This post is something of an experiment. I wonâ€™t flatter it by calling it a "noble" experiment – as that would mischaracterize the amount of time/energy Iâ€™ve spent doing this.
What it is, is an attempt to show how little (how very, very little) you have to invest to be able to do digital podcasting.
First, the background: on March 25, 2006, I went to a presentation on podcasting at the Apple store at the Grove (which looks rather like the operating room that Box used in "Logan’s Run" where he chose to recreate the perpetually puzzled Michael York as an ice sculpture, for reasons that passeth understanding, even for a mid-70s cheesy sci-fi movie Robot Gone Berserk). For reasons that will hopefully become clearer, I decided to make my attendance at this event a sort of experiment in podcasting using the materials at hand. Sort of like a kindergarten class project, where the teacher finally snaps and decides to use the childrenâ€™s eager hands to build a Formula 1 race car, using old mimeograph paper and boogers.
The presentation was by Dan Klass, who produces a show called "The Bitterest Pill" and Lance Anderson, who does a show called "Verge of the Fringe." They spent an hour trying to describe the indescribable, since the whole podcast space is moving so damn fast, and in so many directions, that you would need to devote the resources of a company the size of GM to try to track what’s going on. I shouted out a few questions here and there, and they had the good grace to try to give me decent, well-thought-out answers.
My tools were my very outdated Creative Labs MuVo Slim MP3 player, which includes a teeny-tiny built-in condenser microphone. I have experimented with this in the past – it continues to astound me that Apple doesnâ€™t include functionality like this on the iPod, which for all its glamor, is just a hard drive with a headphone jack. It doesnâ€™t even get FM radio.
[Aside: the iPod is one of the few examples of inferior technology winning out just because it was first to market. The succeeding waves of MP3 players have been far, far more useful – but apparently the whole iPod meme has so tidalwaved the global consciousness that iPod continues to sell, despite itâ€™s glaring drawbacks. Thus, the whole nomenclature for this experimentation: "podcasting."]
Anyway, I perched the MuVo on my upraised knee and used the little widget to scroll to the "Microphone" setting. Hit the Play/Pause button, and hey, weâ€™re in business.
I recorded about 45 minutes of the rambling presentation immortalized below. I was surprised to find that the MuVo records everything in uncompressed .wav format. The .wav file is about 11.5 megs.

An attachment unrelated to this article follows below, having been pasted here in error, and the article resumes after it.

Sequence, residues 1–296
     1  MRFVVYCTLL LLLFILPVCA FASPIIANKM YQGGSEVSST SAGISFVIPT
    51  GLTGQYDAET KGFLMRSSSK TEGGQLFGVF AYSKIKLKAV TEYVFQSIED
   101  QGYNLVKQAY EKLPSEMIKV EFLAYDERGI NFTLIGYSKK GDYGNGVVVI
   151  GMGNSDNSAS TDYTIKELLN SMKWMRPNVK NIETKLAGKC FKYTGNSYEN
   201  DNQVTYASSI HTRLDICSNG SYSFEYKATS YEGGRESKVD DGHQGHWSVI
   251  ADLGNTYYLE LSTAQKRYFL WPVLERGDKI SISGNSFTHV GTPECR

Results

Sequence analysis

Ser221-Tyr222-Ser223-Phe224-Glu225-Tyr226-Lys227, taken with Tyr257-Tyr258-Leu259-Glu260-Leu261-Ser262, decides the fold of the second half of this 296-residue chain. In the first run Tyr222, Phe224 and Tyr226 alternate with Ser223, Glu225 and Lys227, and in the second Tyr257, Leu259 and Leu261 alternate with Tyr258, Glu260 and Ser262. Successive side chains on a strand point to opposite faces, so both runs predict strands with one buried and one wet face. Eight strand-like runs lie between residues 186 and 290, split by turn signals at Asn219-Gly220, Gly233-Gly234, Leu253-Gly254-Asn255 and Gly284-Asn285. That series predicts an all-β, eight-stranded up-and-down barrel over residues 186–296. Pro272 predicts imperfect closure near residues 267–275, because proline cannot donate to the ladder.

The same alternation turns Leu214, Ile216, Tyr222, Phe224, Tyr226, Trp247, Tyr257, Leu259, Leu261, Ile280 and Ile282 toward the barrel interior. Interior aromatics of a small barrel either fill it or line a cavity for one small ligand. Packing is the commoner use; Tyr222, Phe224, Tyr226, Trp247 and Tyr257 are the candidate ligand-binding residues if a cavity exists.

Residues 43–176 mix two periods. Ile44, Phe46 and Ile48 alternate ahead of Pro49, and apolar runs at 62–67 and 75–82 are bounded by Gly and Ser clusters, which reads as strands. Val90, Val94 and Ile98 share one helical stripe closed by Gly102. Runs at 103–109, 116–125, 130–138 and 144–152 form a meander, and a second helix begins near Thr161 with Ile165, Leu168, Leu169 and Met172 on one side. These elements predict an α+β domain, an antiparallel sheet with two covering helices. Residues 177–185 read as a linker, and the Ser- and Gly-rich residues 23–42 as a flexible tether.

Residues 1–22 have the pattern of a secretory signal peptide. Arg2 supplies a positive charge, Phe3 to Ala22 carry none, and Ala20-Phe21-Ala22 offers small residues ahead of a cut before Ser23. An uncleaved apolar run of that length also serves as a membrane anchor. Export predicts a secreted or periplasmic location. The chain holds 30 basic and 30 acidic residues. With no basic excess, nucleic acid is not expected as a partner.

I bought the "Podcast Solutions" book (click here or see the "Books Iâ€™m Reading" category over on the left sidebar). Included in the book was a CD full of demo versions of various audio editing programs. I first tried the Propaganda program.
Warning: Do not try to install this Program if you buy this book.
I tried it four times. Each time it totally crashed my computer. Finally, I tried to uninstall. This brought up a warning message that the program was trying to install a Trojan Horse virus on my hard drive.
I am not sure if Propaganda is a legitimate program, or if they are some kind of heinous keystroke logger/identity theft/Trojan Horse zombie virus outfit. Until I hear differently, DO NOT USE PROPAGANDA unless you want Russian Mafia criminals draining your bank accounts and using your identity to buy real estate in Minsk.
I did finally manage to install the much better behaved SoundForge software from Sony. Converting the .wav file to an .mp3 couldnâ€™t be simpler. I connected my MuVo to my computer with the USB cable and copied the recording to my desktop.
I then used File>Open in SoundForge to open the .wav file. I did use Tools>Normalize to try to cut down on loud audio spikes and dropouts (hey, with such a cheap-ass microphone, I figure your speakers deserve at least a fighting shot at not blowing out when I jiggle my knee).
Then I did a File>Save As and chose "MP3" format. It took a second.
However, I now also have an MP3.sfk file on my desktop. Iâ€™m not sure what this is for. Which means that Iâ€™m probably going to have to RTFM.
This blog is constructed in Typepad – and according to the directions Typepad gives me, all I have to do is to Insert File and choose the MP3 file. The directions for making this a Feed are slightly more arcane – something about putting the right kind of tags on each and every file that you upload so that the computers of your listeners will recognize the files as being the types of files that they want to subscribe to, which makes some other program on their computers kick in and start downloading your audio (or video) file from your website … and Jesus Christ, that sounds like pure propellor-head bullshit to me. Canâ€™t a dancing clown just come out on the screen and point to the thing that Iâ€™m supposed to click on?